In conversation with Eusebius and his listeners, Petersen touches in general terms on a 7-point plan that includes a national football philosophy; youth teams and academies; coach education; football infrastructure; and sports science. The complete absence of a sense of history in his remarks underscores a serious problem within South African football: an unwillingness to deal honestly and productively with what has already been said, tried, and failed in the two decades since the end of apartheid and the birth of democracy. (For two different, but complementary, critiques of South African football development, click here and here).
Despite Petersen’s best intentions and SAFA’s more sophisticated packaging, it seems that, once again, the latest development plan amounts to little more than a public relations campaign.
Filed under: The Hosts
36 hours have passed since millions of Italians watched the national team get eliminated from the World Cup after a 1-0 loss to Uruguay.
Here in Italy, the media and the pundit class have joined ordinary fans in criticizing the team. First in the line of fire is Cesare Prandelli, the coach, rightly taken to task for dubious roster selection, poor match management, improvised tactical changes, and an inability to bind together a group of “senators” (i.e. veterans) and relatively inexperienced youngsters. His resignation in the aftermath of the Uruguay loss, came not a moment too soon for many Italians.
Balotelli, the only player in the squad with potential to be a game-changer, has also come in for plenty of criticism. Reading the papers, watching endless debates on TV, and talking with fans, it appears that many Italians, including vocal defenders of Super Mario, are disappointed with the star striker’s weak performance. Sadly, some racist Italians have taken to the web and social media to insult Balotelli for his blackness.
But I wouldn’t go so far as saying that Balotelli is being blamed for the World Cup debacle. Honest observers recognize that the failure of Italy’s 2014 World Cup campaign has multiple causes, not least the pathetic 0-1 loss to Costa Rica last week. As historian John Foot explained in an excellent column, there is a structural rot in Italian football that needs to be addressed. From corruption and mismanagement to suffering youth systems, club rivalries, and outdated stadiums; the list of major problems is quite long and vexing.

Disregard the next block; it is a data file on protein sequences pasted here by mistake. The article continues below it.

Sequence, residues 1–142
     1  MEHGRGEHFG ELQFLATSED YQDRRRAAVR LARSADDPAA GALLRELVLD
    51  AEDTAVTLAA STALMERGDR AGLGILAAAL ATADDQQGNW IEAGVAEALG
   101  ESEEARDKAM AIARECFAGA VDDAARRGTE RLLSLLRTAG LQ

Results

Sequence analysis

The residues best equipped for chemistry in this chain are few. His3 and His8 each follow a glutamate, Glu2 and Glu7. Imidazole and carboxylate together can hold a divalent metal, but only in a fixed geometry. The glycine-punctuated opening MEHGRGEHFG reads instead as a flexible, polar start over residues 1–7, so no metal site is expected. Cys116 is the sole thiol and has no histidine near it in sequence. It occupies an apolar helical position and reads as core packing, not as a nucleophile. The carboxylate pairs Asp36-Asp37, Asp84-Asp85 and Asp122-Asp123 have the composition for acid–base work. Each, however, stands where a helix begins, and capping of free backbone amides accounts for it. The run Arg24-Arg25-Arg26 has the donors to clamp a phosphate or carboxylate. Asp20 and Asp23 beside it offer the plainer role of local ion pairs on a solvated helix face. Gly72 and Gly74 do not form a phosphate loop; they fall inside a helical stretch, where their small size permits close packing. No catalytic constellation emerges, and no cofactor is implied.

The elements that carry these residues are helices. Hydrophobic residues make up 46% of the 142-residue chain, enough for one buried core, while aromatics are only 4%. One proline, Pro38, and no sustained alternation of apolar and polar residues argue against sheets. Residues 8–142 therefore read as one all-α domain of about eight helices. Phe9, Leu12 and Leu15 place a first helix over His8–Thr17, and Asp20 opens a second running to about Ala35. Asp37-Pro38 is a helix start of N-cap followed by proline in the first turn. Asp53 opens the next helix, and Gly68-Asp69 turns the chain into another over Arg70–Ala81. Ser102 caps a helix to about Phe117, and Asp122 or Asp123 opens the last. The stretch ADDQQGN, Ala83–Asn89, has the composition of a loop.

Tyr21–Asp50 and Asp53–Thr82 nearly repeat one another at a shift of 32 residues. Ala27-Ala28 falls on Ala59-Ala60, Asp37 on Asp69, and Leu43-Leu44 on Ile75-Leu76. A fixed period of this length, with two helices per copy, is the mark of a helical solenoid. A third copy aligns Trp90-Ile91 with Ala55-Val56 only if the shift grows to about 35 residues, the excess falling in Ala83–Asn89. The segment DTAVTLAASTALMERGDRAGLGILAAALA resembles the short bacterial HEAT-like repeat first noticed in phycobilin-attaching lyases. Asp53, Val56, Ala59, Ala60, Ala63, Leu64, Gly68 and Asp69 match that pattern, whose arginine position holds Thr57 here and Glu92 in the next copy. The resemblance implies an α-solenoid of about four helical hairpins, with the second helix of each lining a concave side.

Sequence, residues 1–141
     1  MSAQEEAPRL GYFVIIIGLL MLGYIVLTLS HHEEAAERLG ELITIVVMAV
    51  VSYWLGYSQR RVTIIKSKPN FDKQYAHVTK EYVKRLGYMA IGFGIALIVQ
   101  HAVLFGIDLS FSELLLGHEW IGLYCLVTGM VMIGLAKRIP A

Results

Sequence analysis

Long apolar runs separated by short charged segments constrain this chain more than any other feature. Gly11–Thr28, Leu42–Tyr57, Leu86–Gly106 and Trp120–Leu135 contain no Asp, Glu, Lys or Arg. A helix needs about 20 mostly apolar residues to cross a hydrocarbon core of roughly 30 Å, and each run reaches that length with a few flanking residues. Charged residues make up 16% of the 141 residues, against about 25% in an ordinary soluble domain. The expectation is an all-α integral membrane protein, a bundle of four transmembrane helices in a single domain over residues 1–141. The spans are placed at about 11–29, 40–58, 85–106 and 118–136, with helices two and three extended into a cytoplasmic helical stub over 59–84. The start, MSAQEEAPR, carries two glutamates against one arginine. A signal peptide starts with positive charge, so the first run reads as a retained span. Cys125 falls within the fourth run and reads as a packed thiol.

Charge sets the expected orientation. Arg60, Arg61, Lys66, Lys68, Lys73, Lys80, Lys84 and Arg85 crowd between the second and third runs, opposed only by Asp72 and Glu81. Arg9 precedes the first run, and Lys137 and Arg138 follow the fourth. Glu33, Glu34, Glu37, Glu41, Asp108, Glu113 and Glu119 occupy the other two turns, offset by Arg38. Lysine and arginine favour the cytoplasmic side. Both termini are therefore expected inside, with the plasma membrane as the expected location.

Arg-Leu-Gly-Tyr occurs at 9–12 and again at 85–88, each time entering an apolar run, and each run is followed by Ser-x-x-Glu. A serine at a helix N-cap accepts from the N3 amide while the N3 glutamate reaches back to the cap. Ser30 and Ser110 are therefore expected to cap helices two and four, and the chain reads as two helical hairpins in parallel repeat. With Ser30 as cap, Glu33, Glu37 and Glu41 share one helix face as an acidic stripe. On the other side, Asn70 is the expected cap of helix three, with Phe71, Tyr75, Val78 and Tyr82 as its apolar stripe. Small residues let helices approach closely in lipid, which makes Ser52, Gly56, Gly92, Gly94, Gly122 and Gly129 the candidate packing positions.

While this analysis is legitimate, there seems to be a consensus among Italians (and not a few neutrals) that the loss to Uruguay was an outright robbery perpetrated against an ordinary team.
The first half of Tuesday’s match was played evenly, with Italy rarely in trouble. Pirlo had a dangerous free kick saved by Muslera and Verratti distinguished himself as the best player on the pitch, weaving in and out of Uruguay’s workman-like midfield with creativity and dynamism. With a draw enough to see the Azzurri through to the next round, Italy was in control.
Then, a few minutes into the second half, the Mexican referee, Rodriguez Moreno, decided the match. In an inexplicably absurd decision, he sent off Marchisio with a straight red card for a normal tackle that showed no malice and, at best, deserved a yellow. What made this refereeing decision so outrageous is that previous Uruguayan fouls of a similar ilk had not been punished with any cards.
Moreno’s call transformed the match. With nearly the entire second half still to play in the heat of Natal, the Azzurri were a man down, less able to deal with fatigue, and psychologically shaken. Uruguay, on the other hand, seized on the opportunity and began dominating the match. Even so, only two goal-scoring chances came out of this advantage.
Perhaps dissatisfied with the outcome of his earlier outrage, Moreno then took center stage again. Suarez, the recidivist, sunk his fangs into Chiellini’s shoulder and then fell to the ground, theatrically, as if felled by a sniper’s bullet. The referee awarded a free kick to Italy, but did not send Suarez off despite Chiellini showing Suarez’s dental mold chiseled into his shoulder area. Surprisingly, the assistant referee provided no assistance.
Two things happened at this point. Instead of playing the final 12 minutes or so 10 vs 10, the Azzurri had to labor on a man down with players cramping and visibly tiring. Then, 100 seconds after the Suarez bite, the Italians lost their concentration defending the corner kick that produced Godin’s winning goal.
Most Italians recognize the 2014 national team was an ordinary one. Fans and pundits admit that Balotelli, Immobile, Cassano, Thiago Motta, De Sciglio and others put in sub-par performances. But people also know a robbery when they see one. And the culprit was Rodriguez Moreno. Curiously, another referee named Moreno (from Ecuador) also sent the Italians home from the 2002 World Cup. He is currently serving a long prison sentence in the United States for smuggling drugs.
The day before the magic kingdom opens in São Paulo, WKAR’s “Current State” host Mark Bashore interviewed me about the politics of the World Cup. We discussed FIFA profits and institutional reform, special World Cup laws and extraterritoriality, nation-building, development, civic protests, and what the future holds for Brazil, on and off the pitch. Originally broadcast live on June 11, 2014. Take a listen!